There are some weeks where so much crap bubbles to the surface that you wish you’d never succumbed to the allure of indoor plumbing.
Outhouses don’t need plungers.
Destination resorts not only require plungers, but a plumber on standby 24/7.
In the future, I believe all tax measures should start with Y. Measure Y, or Measure YYY, or Measure YAMISOGULLIBLE.
Just consider Measures R and U. That’s what Town Attorney Andrew Morris has done recently at the behest of Mammoth’s Town Council.
If you thought the money we decided to raise by taxing ourselves was sacrosanct, think again. Your intent is no match for an attorney’s creativity. Your intent cannot stop a Council which needs the money to pay off past mistakes.
As the background to a Sept. 16 memo states, “In light of the Town’s current budget difficulties, the Town Council is evaluating different funding and budget options. As part of this, some have questioned whether the Town can reduce general fund funding for projects currently receiving Measure R or Measure U funding. They question whether reducing funding or service levels would violate the requirement that Measure R and Measure U funding not ‘supplant’ existing funding.”
Now we all recall the circumstances surrounding the Measure R campaign in 2008. At the time, a key part of the debate was general tax versus special tax. Mammoth Lakes Trails and Public Access (MLTPA) CEO John Wentworth specifically urged that a special tax requiring a 2/3 majority be approved precisely so ravenous politicians couldn’t get their paws on it.
But as Morris states in his opinion’s analysis, “Voters cannot impair the Town Council’s authority over fiscal management.”
He adds, “Courts have held that initiatives that impose minimum spending floors impair fiscal management.”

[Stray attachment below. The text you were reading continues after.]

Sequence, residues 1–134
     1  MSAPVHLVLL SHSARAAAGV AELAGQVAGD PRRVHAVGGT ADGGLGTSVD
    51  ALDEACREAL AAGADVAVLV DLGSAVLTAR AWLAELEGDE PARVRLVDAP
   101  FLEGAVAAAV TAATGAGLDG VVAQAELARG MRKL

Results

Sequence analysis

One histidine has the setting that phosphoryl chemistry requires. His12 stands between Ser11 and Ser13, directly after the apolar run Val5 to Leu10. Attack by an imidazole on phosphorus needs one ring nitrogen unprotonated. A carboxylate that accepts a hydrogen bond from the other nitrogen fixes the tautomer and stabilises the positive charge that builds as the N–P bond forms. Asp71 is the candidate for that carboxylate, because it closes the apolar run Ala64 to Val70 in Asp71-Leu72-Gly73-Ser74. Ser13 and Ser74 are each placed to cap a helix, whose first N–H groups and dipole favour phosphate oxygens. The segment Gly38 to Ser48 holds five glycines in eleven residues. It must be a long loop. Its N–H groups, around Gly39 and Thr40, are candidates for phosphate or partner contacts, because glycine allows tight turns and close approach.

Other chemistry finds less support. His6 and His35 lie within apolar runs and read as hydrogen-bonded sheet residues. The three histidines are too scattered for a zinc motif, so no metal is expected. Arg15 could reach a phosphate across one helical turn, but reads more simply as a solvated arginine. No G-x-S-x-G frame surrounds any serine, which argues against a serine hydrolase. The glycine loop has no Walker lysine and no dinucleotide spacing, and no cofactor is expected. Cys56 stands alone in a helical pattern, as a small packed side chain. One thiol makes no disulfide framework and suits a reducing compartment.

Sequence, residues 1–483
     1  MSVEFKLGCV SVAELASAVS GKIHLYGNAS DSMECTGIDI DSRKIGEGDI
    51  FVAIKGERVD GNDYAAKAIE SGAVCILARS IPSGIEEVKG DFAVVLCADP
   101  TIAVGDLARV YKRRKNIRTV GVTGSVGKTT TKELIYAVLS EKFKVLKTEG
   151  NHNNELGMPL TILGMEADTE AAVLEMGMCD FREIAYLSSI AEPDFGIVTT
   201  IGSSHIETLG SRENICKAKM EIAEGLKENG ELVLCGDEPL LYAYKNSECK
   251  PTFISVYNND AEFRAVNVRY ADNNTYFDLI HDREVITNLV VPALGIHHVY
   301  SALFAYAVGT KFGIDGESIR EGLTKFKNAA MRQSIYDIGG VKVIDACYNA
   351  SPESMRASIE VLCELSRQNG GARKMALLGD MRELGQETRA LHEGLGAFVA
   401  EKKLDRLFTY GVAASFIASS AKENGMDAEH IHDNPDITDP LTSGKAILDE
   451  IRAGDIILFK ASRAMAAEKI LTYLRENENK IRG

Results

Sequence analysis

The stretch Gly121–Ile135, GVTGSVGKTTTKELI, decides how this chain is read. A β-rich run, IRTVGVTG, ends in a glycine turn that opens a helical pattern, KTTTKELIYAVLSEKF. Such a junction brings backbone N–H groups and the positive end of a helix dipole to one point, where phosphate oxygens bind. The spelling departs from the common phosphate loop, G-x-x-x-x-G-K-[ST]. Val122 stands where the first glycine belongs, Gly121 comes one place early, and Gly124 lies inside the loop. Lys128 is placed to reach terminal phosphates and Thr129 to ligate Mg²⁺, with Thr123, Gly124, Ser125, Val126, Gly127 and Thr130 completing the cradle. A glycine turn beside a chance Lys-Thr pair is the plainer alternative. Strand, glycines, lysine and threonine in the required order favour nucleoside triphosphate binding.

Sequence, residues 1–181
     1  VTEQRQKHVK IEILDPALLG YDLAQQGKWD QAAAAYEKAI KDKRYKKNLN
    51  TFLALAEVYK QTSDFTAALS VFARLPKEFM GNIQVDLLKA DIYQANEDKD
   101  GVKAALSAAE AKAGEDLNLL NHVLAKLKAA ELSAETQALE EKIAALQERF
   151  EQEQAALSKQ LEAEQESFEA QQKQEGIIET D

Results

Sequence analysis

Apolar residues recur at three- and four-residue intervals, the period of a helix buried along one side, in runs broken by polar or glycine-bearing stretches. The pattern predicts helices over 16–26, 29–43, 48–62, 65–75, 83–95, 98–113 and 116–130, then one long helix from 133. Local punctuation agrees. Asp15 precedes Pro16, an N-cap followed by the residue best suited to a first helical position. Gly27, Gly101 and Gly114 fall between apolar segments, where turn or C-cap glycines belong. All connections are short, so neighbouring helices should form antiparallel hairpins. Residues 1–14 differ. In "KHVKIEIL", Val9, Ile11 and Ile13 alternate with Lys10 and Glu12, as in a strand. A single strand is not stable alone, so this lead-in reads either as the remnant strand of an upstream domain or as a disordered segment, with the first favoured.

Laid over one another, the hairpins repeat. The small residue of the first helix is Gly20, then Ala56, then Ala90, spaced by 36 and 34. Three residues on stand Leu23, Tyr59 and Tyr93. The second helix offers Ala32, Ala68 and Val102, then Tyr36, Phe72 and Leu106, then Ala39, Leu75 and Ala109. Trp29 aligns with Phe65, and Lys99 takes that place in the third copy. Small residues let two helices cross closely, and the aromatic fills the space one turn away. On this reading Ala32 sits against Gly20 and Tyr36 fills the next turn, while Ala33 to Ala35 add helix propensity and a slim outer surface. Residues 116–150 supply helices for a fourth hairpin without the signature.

So if we thought R would solely be used on projects over-and-above whatever we were spending on recreation at the time, forget it. Because circumstances dictate that baseline will almost certainly be reduced.
We ultimately taxed ourselves with Measures R and U to pay off the airport litigation judgment, no matter how directly or indirectly you’d like to define it.
Of course, Council was more than happy to see us innocently raise those funds in a naive belief that we were investing in ourselves. We lost the Hot Creek case before either R or U were passed. It’s interesting that no one stopped to think about the ramifications of how any and all town revenues might be in play if the airport judgment happened to stick.
The next interesting question is how the inevitable draining of Measure R will affect recreation. What Wentworth said at Wednesday’s Recreation Commission meeting is that they shouldn’t be sucked into believing that it’s either/or in regard to municipal recreation and trails. “It’s a false choice,” he said. “We’re going to figure out a way through.”
As for Measure R, he said the silver lining is this. If we had passed a general tax in 2008, recreation could’ve been conceivably completely gutted because R would’ve been routed directly to the general fund. Better to backfill recreation spending with Measure R than be faced with no money at all.
He also believes that the Town and Forest Service are on the brink of an historic partnership agreement. “I think we’re doing great stuff.”
Some doubting Thomases came out of the woodwork this week, however, notably Sandy Hogan.
The retired Assistant Forest Supervisor said of MLTPA, “It’s time to stop funding an organization that isn’t producing a lot on the ground.”
She described Wentworth as riveting and charismatic, but characterized MLTPA’s efforts as more pre-planning than planning, and thinks the Town should have gotten more for its $1.2 million funding of MLTPA over the past three years.
MLTPA’s website does list a staff totaling 15 people.
John Wentworth, however, is MLTPA’s only full-time employee.
“There are plenty of shovel-ready projects out there right now,” said Gail Lonne of the Mammoth Lakes Tennis Club. “These guys are eating up a good percentage of the [Measure R] money”
Wentworth’s short response would be that once the Trails System Master Plan is adopted in a few weeks, this will truly augur in the shovel era for the Mammoth Lakes Trail System.